New Covestor portfolio manager Marty Leclerc of Barrack Yard Advisors brings more than 30 years of professional investing experience to the Core International Portfolio now available to our clients.
Marty began his career at Dean Witter in Washington, D.C. and was based in London for 9 years, focused on the UK, Southern Europe, and the Middle East for Prudential Bache International. He also spent three years at Morgan Stanley in London and served as a Managing Director for Deutsche Bank before establishing Barrack Yard Advisors in 2011.
We had a chance to ask Marty some questions about his new Covestor portfolio, to add a little more color to the descriptions on its portfolio page.
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Covestor: You state in your description of the Covestor portfolio: “We start by identifying major long-term global trends, both to find potential investments and looming risks.” What are some of those investable trends and risks right now, as you see it?
Marty Leclerc: One trend many of our companies are positioned to benefit from is the growth of an emerging middle class in the developing world. Around a billion people will go from essentially eating mostly rice every day to adding much more protein to their diet over the next decade or so. This will have a knock-on effect and presents opportunities for companies in three broad categories.
First, companies that provide the “staples of a better life” such as quality food, education, travel, health care, personal care products and security (around personal safety, retirement income and places to keep assets where they won’t be expropriated).
Second, there is a great need for the infrastructure to support a middle-class lifestyle. Examples here include ports, distribution networks, exchanges and public/private partnerships to keep energy supplies secure, cyberspace crime free and drinking water safe.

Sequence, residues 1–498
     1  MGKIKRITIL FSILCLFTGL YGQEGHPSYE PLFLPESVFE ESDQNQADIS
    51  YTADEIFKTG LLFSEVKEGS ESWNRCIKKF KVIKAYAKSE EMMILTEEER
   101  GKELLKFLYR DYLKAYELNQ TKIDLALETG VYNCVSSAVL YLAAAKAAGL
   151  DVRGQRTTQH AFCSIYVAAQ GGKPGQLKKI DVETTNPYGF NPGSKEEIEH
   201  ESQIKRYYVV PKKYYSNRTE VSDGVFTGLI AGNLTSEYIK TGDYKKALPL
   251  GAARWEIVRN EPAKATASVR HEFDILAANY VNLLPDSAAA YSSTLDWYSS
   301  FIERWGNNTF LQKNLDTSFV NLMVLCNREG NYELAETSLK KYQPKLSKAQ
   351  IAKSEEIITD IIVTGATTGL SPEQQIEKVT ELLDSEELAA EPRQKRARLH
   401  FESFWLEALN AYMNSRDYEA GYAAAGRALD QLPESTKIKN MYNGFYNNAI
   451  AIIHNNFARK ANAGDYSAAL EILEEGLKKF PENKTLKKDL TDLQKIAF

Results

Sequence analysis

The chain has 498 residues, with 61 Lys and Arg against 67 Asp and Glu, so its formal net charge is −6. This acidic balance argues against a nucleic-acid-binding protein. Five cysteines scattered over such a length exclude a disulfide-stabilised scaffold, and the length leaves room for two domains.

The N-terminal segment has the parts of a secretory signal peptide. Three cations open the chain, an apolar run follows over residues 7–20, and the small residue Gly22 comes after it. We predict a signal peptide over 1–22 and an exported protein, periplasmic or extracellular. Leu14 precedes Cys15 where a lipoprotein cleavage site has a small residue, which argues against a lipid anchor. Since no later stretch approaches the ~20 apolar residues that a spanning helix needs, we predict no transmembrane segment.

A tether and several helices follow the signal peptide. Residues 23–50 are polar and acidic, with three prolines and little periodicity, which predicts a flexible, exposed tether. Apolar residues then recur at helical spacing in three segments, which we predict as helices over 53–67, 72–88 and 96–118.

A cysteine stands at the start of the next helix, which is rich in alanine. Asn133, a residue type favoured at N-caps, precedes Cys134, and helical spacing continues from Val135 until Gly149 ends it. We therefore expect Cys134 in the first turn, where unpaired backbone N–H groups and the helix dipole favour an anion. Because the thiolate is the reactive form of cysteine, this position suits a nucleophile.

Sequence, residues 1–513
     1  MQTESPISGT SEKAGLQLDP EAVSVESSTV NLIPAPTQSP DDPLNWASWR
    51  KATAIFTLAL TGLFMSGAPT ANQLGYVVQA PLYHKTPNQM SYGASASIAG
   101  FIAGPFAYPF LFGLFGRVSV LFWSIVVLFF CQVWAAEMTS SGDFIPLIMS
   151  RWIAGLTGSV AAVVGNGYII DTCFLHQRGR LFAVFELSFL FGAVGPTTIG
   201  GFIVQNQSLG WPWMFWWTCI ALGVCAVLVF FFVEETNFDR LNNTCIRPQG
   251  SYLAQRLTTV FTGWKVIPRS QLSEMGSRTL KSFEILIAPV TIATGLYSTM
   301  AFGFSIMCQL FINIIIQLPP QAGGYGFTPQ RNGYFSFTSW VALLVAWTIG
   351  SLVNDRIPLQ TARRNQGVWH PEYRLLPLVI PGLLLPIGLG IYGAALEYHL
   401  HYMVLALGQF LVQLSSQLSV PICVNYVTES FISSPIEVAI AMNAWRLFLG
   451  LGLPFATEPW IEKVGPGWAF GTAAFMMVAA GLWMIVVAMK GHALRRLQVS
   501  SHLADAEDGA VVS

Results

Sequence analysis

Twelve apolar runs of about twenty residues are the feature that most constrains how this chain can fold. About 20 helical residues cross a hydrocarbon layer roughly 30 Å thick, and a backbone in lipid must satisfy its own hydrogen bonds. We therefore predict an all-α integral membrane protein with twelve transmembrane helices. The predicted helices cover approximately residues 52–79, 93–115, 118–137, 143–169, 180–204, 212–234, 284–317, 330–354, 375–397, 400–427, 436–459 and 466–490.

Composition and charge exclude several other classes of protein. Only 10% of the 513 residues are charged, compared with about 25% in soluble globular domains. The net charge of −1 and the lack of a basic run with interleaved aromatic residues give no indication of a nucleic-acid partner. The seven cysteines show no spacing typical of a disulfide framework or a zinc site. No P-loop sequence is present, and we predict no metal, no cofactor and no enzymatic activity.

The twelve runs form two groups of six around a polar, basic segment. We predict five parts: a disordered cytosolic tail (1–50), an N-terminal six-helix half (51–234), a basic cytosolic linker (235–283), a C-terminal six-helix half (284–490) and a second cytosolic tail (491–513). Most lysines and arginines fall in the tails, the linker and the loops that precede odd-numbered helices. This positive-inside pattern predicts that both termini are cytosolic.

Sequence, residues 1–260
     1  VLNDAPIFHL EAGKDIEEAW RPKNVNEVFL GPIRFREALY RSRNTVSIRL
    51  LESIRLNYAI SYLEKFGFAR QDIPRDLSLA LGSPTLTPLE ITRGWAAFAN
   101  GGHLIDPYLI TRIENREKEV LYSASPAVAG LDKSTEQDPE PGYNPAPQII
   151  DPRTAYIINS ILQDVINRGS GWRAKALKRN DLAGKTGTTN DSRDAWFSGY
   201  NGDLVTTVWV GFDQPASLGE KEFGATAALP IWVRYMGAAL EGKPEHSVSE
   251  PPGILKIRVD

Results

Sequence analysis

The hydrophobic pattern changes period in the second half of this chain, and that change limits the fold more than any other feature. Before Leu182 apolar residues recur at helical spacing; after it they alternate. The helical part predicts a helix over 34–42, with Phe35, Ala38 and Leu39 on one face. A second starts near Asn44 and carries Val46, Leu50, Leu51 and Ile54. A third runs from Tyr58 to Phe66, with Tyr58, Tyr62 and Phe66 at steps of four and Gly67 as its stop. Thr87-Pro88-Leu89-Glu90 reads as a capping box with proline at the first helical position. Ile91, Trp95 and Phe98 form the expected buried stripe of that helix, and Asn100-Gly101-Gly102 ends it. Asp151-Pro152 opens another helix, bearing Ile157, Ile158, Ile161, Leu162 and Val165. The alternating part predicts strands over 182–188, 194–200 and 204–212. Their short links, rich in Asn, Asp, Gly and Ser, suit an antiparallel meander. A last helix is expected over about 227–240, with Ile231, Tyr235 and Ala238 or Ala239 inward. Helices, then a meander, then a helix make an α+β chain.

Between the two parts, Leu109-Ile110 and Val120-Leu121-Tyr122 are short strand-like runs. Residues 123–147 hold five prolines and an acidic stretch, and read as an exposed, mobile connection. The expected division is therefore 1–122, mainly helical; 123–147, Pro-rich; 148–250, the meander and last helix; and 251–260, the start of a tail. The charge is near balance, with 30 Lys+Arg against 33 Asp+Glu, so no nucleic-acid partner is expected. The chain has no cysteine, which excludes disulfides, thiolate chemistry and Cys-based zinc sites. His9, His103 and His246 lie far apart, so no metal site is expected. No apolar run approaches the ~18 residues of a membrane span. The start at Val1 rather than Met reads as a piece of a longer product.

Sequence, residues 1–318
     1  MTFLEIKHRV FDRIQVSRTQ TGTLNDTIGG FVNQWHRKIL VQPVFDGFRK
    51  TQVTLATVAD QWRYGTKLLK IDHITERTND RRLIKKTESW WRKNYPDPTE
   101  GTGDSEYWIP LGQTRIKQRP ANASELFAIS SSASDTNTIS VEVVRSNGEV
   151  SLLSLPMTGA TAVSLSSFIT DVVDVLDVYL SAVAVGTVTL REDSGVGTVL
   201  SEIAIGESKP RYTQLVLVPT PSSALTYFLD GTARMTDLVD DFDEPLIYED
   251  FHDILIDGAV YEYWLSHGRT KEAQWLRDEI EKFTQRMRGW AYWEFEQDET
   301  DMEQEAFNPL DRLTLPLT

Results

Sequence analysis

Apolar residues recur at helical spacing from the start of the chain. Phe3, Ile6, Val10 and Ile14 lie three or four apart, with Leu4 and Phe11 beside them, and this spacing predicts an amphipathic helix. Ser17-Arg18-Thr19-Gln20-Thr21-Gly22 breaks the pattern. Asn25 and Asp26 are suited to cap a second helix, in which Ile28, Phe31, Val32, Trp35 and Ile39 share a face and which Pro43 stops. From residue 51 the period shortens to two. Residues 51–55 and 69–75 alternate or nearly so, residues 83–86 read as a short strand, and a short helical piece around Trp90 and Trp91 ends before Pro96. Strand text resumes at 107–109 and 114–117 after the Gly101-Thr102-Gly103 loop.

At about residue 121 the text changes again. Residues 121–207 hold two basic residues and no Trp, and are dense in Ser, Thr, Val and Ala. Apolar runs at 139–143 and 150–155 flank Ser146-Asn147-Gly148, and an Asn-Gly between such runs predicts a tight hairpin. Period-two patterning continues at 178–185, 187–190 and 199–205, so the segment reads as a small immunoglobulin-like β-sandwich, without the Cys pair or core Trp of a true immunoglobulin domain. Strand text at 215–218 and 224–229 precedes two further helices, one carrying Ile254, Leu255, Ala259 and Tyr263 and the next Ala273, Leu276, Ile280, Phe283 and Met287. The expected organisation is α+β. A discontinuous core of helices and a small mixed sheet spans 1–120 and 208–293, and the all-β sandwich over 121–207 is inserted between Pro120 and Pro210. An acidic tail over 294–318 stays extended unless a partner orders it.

Finally, we believe unprecedented demands on limited resources may result in scarcity premiums assigned to certain assets, particularly in the agricultural value chain, from large farms to seed companies; and also in truly high-end luxury experiences.
Another trend has to do with the Shale Revolution in the US. We don’t see this as a linear opportunity. It’s about thinking through the implications of America enjoying lower energy costs. We agree there may well be a sort of manufacturing renaissance in the old rust-belt due to relatively cheap energy and a significant number of middle-class jobs will be created. Accordingly, we own a family restaurant business that is reasonably valued, pays an attractive dividend and has heavy insider ownership. The added bonus is they’re primarily located in Ohio and Indiana and this could give them an additional tail-wind if industry prospers in that region.
The three biggest risks we see currently are (1) slow growth rates due to too much debt and unattractive demographics in many parts of the world; (2) the unintended consequences of so much central bank liquidity pumping and (3) interest rates. The cost of money is phony and creates distortions. We believe the U.S. will not remain a near-zero interest rate world forever and we fear what will happen to many assets once interest rates are allowed to operate in a free market.